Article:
“CBGVA, is the mother of the “V family”. The “A” family consists of THCA, CBDA, and CBCA, while the “V”, family is made up of THCVA, CBDVA, and CABCVA.”
Cannabis is brimming with a complex mix of chemical compounds called cannabinoids, which are responsible for the richness of the cannabis plant and the reason why some strains have a psychoactive effect while others simply treat symptoms without any effect on the mental state at all. To create these compounds, the plant goes through numerous chemical reactions, and the resultant cannabinoids come from the influence of many factors. Factors including the genetics of the cannabis strain such as, stages in the life cycle, its exposure to heat, and the presence of enzymes. Read on for more about the A family, the V family, and how they emerge from the cannabis plants you know and love.
The cannabis plant doesn’t directly make the cannabinoids we most associate with the plant. They emerge after the precursors came into contact with fire. Before that happens, during the growth cycle, the cannabis plant operates like a family tree. As it splits off into numerous branches, you end up with dozens of potential outcomes, which originate from two cannabinoid “families”. Cannabigerolic acid, or CBGA, is the mother of the “A Family”. Cannabigerovarinic acid, or CBGVA, is the mother of the “V family”. The “A” family consists of THCA, CBDA, and CBCA, while the “V”, family is made up of THCVA, CBDVA, and CABCVA. All cannabinoids within the family are the result of the chemical changes that take place early in the plant’s lifecycle. Before the cannabis plant can fully mature, a chemical compound called geranyl pyrophosphate has the choice of combining with either olivetolic or divarinic acid. This form of cannabinoid only exists until the compound meets combustion through fire. When the acids are exposed to heat energy, they turn into neutral, rather than acidic, plant cannabinoids, like THC.
Both acids produce a different outcome, but have the same base. It sounds complicated, but think of a potato, which can produce both hash browns and French fries. Both originate from the same starting point, but look and feel different from each other. Same origin, different outcome. That’s how the cannabinoid “families” work.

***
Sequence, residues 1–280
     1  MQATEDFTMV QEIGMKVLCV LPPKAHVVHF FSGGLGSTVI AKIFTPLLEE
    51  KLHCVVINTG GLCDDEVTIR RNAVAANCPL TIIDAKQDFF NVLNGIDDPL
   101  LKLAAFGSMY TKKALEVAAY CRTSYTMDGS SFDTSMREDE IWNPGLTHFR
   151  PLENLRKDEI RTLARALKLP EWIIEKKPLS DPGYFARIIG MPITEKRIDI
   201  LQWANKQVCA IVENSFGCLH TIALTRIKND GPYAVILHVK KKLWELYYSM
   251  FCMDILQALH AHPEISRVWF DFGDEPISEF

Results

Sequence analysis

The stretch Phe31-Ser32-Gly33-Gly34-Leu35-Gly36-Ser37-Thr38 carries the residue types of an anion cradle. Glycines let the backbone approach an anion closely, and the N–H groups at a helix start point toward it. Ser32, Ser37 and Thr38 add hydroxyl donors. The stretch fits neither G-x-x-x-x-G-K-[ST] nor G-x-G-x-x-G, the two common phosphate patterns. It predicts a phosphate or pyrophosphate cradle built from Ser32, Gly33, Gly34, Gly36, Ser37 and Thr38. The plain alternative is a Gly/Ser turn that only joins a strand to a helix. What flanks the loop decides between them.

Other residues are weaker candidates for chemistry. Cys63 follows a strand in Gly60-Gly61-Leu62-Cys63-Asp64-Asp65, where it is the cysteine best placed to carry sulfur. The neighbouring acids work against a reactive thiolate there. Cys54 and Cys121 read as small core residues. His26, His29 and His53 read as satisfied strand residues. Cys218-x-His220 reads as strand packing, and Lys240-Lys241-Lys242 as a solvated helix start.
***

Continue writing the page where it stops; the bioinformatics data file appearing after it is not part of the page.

The V strains are difficult to isolate and are more likely to be found in landrace plants, the genetically pure strains that have not been altered by selective breeding. They tend to exist in tiny quantities and to be quite rare. When landrace strains are allowed to grow naturally, it results in higher ratios of V cannabinoids. It’s important to note that just because the name of a cannabinoid sounds similar to its better known counterpart, doesn’t mean it has the same effect. THCV, for example, isn’t known to get you high, unlike tetrahydrocannabinol, better known as THC. While most plant cannabinoids are not intoxicating, their presence can influence how much THC affects you. At relatively low doses, THCV diminishes THC’s ability to activate CB1 receptors, meaning that it dulls or suppresses the high. However; at relatively high doses, THCV, can activate those same receptors, increasing the intensity of the high. There is still much to learn in terms of this effect on humans, because it simply hasn’t been studied enough.
Research on this subfamily of cannabinoids is in its infancy, but from what we know, the compounds are non-psychoactive and interact with different endocannabinoid receptors, just like CBD. THCV is non psychoactive and suppresses appetite, while CBDV has shown potential to treat epilepsy. More work is needed to uncover the true potential of V cannabinoids, but this is certain to occur with more dollars flowing to research as barriers to legal cannabis decrease.